The lives of the Basotho are intimately linked to their land and their livestock. Most of their activity happens outdoors, and is very visible to the tourist and the photographer. In fact, I have never encountered more industrious people than the Basotho. Perhaps it is the proximity of the mountains, whose influence makes the climate so unpredictable, and the chores more urgent. Perhaps it’s just the way of the Basotho, who find that their close and constant connection with the world of the spirit informs their daily activities – as should perhaps be the case for all of us.
Methods of farming and animal husbandry appear to be out of date; one could say they resemble those found in history books relating to the 19th century and earlier. Much other ancillary work is of a similar nature. Stone is chiselled by hand; large rocks are split with wedges and hammers. Trees are cut down by hand with axes and crosscut saws. Even relatively modern equipment and machinery is repaired at the roadside or next to the fields, with rudimentary hand tools. Rural people partly live on the simple produce of their fields and their stock; any surplus is traded for tools or items produced elsewhere. Barter is common and a natural activity.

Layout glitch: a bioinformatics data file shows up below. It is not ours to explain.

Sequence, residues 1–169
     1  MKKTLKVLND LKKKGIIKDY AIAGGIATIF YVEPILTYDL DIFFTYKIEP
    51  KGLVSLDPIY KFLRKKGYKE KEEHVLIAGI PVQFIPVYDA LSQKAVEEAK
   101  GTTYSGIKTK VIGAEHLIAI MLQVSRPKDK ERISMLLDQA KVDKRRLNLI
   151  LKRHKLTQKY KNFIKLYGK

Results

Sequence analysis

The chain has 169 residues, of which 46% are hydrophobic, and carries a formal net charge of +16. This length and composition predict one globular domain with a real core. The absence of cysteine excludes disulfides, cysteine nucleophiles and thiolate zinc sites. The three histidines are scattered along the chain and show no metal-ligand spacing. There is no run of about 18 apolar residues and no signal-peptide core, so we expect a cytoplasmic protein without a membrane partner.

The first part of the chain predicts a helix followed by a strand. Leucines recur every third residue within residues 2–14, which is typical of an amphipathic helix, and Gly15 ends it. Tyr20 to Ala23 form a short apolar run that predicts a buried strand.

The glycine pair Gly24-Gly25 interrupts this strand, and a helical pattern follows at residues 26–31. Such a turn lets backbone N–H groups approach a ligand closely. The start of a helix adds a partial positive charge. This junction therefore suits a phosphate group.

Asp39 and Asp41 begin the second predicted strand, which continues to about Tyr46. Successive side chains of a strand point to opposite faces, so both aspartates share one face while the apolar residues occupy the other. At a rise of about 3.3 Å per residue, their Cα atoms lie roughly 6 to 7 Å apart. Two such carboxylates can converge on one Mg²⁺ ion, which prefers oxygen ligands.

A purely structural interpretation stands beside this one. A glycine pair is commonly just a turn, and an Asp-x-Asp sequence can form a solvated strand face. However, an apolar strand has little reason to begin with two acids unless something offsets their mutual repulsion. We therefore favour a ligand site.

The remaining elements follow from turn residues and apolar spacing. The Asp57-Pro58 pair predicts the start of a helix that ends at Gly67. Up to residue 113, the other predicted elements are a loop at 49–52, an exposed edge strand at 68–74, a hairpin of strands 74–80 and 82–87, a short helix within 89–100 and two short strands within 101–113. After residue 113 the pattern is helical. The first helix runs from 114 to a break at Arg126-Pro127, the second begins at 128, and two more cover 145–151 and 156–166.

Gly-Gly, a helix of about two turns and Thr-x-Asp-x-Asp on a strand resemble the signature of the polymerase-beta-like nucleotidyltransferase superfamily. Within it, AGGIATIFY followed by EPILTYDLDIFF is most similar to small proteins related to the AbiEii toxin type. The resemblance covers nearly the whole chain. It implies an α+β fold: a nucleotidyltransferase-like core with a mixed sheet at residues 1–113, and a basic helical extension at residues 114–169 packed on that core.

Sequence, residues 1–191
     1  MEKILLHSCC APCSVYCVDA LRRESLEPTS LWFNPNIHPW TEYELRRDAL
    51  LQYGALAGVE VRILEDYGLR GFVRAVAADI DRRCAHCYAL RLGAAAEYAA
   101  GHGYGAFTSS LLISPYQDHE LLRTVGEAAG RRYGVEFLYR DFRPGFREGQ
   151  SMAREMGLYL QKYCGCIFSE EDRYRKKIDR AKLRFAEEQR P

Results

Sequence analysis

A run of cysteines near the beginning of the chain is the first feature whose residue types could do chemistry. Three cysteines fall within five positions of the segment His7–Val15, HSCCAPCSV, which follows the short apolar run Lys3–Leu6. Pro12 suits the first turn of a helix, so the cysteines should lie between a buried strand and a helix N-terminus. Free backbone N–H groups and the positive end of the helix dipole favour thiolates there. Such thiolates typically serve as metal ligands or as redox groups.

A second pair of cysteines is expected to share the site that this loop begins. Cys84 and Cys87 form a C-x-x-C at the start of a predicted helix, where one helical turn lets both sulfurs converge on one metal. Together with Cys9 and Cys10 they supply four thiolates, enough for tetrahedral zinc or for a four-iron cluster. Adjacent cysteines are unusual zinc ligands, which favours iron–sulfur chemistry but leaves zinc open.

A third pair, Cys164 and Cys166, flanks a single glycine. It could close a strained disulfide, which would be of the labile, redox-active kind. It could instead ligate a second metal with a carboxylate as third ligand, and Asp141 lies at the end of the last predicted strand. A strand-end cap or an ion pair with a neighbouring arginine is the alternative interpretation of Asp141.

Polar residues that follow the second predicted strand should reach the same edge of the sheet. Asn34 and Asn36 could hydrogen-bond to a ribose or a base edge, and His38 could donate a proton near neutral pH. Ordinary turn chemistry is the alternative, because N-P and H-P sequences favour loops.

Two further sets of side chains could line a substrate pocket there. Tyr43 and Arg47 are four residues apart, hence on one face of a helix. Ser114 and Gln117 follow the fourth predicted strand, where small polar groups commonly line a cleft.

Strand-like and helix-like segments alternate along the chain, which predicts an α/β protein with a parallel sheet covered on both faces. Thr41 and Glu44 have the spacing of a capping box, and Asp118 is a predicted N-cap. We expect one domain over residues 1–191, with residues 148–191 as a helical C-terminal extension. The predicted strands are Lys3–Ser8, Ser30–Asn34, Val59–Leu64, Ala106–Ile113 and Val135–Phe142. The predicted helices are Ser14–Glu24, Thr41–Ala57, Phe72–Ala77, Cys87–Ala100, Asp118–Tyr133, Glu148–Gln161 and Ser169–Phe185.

The Eurocentric observer may look at this in different ways – perhaps as quaint and picturesque, or as a sign of dire poverty. Lesotho is indeed one of the poorest nations on earth, and yet the people do not consider themselves poor. They live a simple life. And yet, who are we to judge or classify the lifestyle of others? The images themselves make no judgement.
However, I have always felt that the subjects are making a positive statement about their condition – or perhaps no statement at all. The Basotho very rarely give one reason for pity. On the contrary, every town, village, or homestead is a hive of activity and positive energy. Everyone seems to be going about their business with a smile, a laugh, and endless chatter. Among others, this is a quality I have tried to capture in my images.